4. Are your spiritual beliefs compatible? How do you answer spiritual questions? Do you believe in God? What is God to you? Do you believe in prayer? How often? What do you think of Heaven or Hell or other spiritual concepts of eternity? Do you believe we have freedom of choice or is our life pre-determined? To what extent? How do you feel about spirits or angels? These are all questions that can help you determine your spiritual beliefs. Notice: I did not say RELIGIOUS beliefs. Many people make a happy couple even though they have two separate religions. Yes, this may present challenges when you decide which religion to raise children in (many decide both, letting the child decide), but religion is not a true barometer of relationship success or failure. Spiritual beliefs, on the other hand, are highly important.
5. Are you infatuated or do you have your feet on the ground with your lover? If you think they are practically perfect you may be overlooking things due to feelings of infatuation. The biggest challenge I encounter is that when I am infatuated, I am often blind to that type of logic and won't hear anything of it. Sometimes infatuation has to run its course as we need to learn certain lessons. However, if we can avoid the lesson and save both people in the relationship from getting a broken heart, then all the better, right?
6. Do people you know think you're a good couple? Ok, sounds stupid, but I've seen people whose potential mother-in-law couldn't stand them (or even speak to them). Does that sound like a supportive environment? Our support system needs to be supportive of a relationship. That is why we have our support people (family, friends) attend weddings in the first place: to be witnesses and agree to support the marriage in good times and not-so-good times.
7. Do you feel safe, empowered, and valued by your partner? If you cannot fairly answer "yes" to being safe, empowered and valued, you're likely missing a key element. I learned this from and check out the AspireNow Advisor for more information about safety, value, and empowerment.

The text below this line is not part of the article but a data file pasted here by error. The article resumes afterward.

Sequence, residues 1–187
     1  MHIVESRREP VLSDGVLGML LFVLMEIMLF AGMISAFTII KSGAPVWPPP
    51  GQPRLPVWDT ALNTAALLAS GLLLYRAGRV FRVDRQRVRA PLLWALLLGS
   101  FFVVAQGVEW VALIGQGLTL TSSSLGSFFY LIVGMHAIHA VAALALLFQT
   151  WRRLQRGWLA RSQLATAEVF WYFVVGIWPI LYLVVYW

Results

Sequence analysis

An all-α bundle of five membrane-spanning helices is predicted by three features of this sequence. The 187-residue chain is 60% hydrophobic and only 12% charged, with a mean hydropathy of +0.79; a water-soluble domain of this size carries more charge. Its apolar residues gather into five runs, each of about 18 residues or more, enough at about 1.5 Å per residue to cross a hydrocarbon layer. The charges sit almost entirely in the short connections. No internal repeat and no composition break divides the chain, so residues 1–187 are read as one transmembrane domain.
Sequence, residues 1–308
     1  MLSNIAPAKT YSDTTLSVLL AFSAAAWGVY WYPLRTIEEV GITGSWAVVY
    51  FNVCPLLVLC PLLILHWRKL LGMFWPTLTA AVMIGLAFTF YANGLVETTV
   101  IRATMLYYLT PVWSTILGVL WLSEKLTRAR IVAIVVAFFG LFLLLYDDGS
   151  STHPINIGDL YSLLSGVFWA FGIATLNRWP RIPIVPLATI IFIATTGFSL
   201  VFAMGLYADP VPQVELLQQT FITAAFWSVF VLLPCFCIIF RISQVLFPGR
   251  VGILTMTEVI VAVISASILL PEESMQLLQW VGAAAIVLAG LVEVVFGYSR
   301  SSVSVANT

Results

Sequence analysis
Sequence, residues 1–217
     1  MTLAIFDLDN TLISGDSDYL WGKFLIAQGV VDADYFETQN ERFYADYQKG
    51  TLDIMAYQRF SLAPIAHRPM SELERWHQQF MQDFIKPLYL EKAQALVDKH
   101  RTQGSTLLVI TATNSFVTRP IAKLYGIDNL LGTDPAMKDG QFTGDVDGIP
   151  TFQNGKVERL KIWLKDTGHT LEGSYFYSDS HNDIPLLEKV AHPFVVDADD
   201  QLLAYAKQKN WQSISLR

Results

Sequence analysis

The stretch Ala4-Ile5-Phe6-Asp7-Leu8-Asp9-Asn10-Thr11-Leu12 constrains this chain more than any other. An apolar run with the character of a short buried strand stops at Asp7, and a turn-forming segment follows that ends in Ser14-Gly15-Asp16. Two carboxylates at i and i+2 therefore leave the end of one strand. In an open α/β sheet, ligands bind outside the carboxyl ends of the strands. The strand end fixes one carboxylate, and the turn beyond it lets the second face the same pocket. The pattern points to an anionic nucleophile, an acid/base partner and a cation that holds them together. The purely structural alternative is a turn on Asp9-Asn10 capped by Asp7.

8. If your lover has lots of side Ego-perks, such as a kick-butt job, a hot car, high-brow social status, or a model's body, how would you feel if the particular "perk" went away? If they gained weight, would it matter? If the stock market crashed and those dot-com options they hold which were worth millions suddenly are now worth less than toilet paper, would you still love your partner?
9. How do you get along with their friends? Again, this is a support system issue. If you think their friends are pigs, jerks, sleazes, or users, it is highly unlikely you're going to fit into their scene.
10.Does your partner assume responsibility for previous relationship failures (learning experiences)? If they don't, they're going to learn again with you. Blame and resentment are not fun to hold onto. If one or both partners has not yet learned to forgive past grievances they may create some new grievances with you. If you hear blame and resentment in descriptions of past loves, you're highly likely headed for pain in your new relationship.
11. What does your internal spirit guide, your higher self, say about the match? When you get quiet and meditate about them, how do you feel?
12. Last, is the timing right? If they're in a relationship now, this may not be the best timing. Have they healed from past relationships? Are they able to love their own self, first? These things are important to resolve PRIOR to getting into a new relationship, otherwise, you may be resolving them together, which can be quite a bit more difficult than on our own. Timing is key to when we meet, in terms of developing all the other characteristics we've discussed.